Television

New Andromeda Strain Has a Fake Spokesperson

What Happened in Piedmont?

It’s almost 10:30pm, and I’m speaking to a fake person.

On a whim, I hopped onto Facebook (where FSR has recently sold out), and sitting there on my online contacts list is Andrew Tobler, a fictional character or, more accurately, a creation of a truly spooky viral campaign. Despite me asking about his project and what movie he’s advertising, he keeps evading my questions and bringing up things about his hometown of Piedmont, Utah. A fake town.

This whole thing started when we got an advertisement here at FSR for What Happened in Piedmont, a fairly obvious viral site promising to bring updates from a student away at Berkeley who can’t reach any of his friends or family back home. The posts were vague in the beginning, forcing me to believe M. Night or Stephen King was behind all of it, but there was a link to Facebook so that I could add Andrew – the blogger – to my role of friends.

So I did.

A month later, after forgetting mostly about it, I found myself chatting with a fictional being that refused to answer my questions about him buying advertising for our site (he claimed someone else was doing it with his permission to get the word out) and telling me that he feared his only informant was dead. At this point, I almost didn’t want to know what project he was shilling for, so I could live out the liminal fantasy of being a part of that dangerous world.

The Andromeda StrainIt doesn’t take long to figure it out, though. For months, there were zero clues leading to what the site was promoting – a great move on the part of the viral marketers – but after hitting his blog again, I saw a fake newspaper picture featuring Benjamin Bratt and Ricky Schroeder. A quick check with IMDB showed they were both acting in A&E’s mini-series version of Crichton’s classic, The Andromeda Strain.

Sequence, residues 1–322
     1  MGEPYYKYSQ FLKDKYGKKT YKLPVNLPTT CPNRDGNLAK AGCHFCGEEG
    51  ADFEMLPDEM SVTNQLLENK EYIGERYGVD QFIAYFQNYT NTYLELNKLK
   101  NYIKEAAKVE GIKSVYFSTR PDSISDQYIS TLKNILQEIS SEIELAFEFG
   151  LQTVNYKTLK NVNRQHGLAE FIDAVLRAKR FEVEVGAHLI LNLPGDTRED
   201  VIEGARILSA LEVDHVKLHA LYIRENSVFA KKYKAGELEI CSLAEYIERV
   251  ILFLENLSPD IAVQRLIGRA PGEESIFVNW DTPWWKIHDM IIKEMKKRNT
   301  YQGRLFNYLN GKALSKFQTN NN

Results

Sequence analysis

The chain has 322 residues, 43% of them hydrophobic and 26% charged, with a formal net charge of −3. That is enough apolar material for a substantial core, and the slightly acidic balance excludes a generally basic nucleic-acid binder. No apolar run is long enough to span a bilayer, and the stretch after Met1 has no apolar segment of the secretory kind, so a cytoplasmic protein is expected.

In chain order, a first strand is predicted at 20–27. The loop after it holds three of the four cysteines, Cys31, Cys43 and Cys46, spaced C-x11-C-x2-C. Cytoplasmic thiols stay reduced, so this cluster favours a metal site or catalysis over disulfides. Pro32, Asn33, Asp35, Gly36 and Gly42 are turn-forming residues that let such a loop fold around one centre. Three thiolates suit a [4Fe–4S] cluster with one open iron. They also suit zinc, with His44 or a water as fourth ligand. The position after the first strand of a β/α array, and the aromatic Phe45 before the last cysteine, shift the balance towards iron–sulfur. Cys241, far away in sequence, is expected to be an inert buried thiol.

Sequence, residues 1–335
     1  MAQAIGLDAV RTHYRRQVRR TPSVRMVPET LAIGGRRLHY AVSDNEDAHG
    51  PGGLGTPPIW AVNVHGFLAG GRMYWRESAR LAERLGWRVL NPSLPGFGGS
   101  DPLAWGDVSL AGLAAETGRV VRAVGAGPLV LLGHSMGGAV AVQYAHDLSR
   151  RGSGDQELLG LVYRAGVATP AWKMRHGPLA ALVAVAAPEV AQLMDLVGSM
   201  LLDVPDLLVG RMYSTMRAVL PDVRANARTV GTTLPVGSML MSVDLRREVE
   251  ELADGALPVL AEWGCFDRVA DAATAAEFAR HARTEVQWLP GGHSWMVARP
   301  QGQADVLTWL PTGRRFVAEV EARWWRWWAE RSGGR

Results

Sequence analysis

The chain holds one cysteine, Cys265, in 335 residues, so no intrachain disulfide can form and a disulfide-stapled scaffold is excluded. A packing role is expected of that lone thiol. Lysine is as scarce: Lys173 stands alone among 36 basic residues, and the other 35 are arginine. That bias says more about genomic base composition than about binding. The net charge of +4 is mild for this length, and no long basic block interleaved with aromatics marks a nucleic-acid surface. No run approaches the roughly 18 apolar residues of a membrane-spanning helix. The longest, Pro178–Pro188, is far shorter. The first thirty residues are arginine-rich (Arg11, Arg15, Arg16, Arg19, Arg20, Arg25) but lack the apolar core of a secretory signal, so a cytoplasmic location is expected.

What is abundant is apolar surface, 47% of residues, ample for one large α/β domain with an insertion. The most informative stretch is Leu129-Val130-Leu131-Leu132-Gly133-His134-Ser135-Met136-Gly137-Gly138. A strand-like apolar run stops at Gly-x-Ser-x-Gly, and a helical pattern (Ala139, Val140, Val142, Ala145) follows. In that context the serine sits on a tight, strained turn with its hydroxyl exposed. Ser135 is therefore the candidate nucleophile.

So it turned out to be a television series. But it’s one that has its roots in classic sci-fi cinema (or novels if you’re literate). All in all, the viral campaign is pretty great, if not a little hokey, and I have to applaud whatever ad agency intern was up late updating news on facebook because no matter how I pushed, he or she stayed in character as Andrew Tobler.

There hasn’t been much news about the project beyond this quiet ad campaign. The mini-series is set to hit television sets on May 22nd, so be on the look out. If we get any actual news for it, we’ll be sure to let you know, but I can understand why it was impossible for the people working on “Andromeda Strain” to resist viral marketing.

A veteran of writing about movies for nearly a decade, Scott Beggs has been the Managing Editor of Film School Rejects since 2009. Despite speculation, he is not actually Walter Mathau's grandson. See? He can't even spell his name right.

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